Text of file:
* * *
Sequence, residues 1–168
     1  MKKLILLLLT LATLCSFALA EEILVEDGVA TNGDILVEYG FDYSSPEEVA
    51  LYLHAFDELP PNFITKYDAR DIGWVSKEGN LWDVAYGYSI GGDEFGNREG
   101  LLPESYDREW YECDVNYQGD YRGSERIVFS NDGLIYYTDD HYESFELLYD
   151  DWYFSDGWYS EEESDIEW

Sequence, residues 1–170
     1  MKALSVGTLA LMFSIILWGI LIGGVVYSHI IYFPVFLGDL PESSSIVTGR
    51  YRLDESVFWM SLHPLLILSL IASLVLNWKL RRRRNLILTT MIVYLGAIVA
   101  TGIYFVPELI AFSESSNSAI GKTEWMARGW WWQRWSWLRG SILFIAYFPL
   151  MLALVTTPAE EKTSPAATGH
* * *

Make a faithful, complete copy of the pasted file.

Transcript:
Sequence, residues 1–168
     1  MKKLILLLLT LATLCSFALA EEILVEDGVA TNGDILVEYG FDYSSPEEVA
    51  LYLHAFDELP PNFITKYDAR DIGWVSKEGN LWDVAYGYSI GGDEFGNREG
   101  LLPESYDREW YECDVNYQGD YRGSERIVFS NDGLIYYTDD HYESFELLYD
   151  DWYFSDGWYS EEESDIEW

Sequence, residues 1–170
     1  MKALSVGTLA LMFSIILWGI LIGGVVYSHI IYFPVFLGDL PESSSIVTGR
    51  YRLDESVFWM SLHPLLILSL IASLVLNWKL RRRRNLILTT MIVYLGAIVA
   101  TGIYFVPELI AFSESSNSAI GKTEWMARGW WWQRWSWLRG SILFIAYFPL
   151  MLALVTTPAE EKTSPAATGH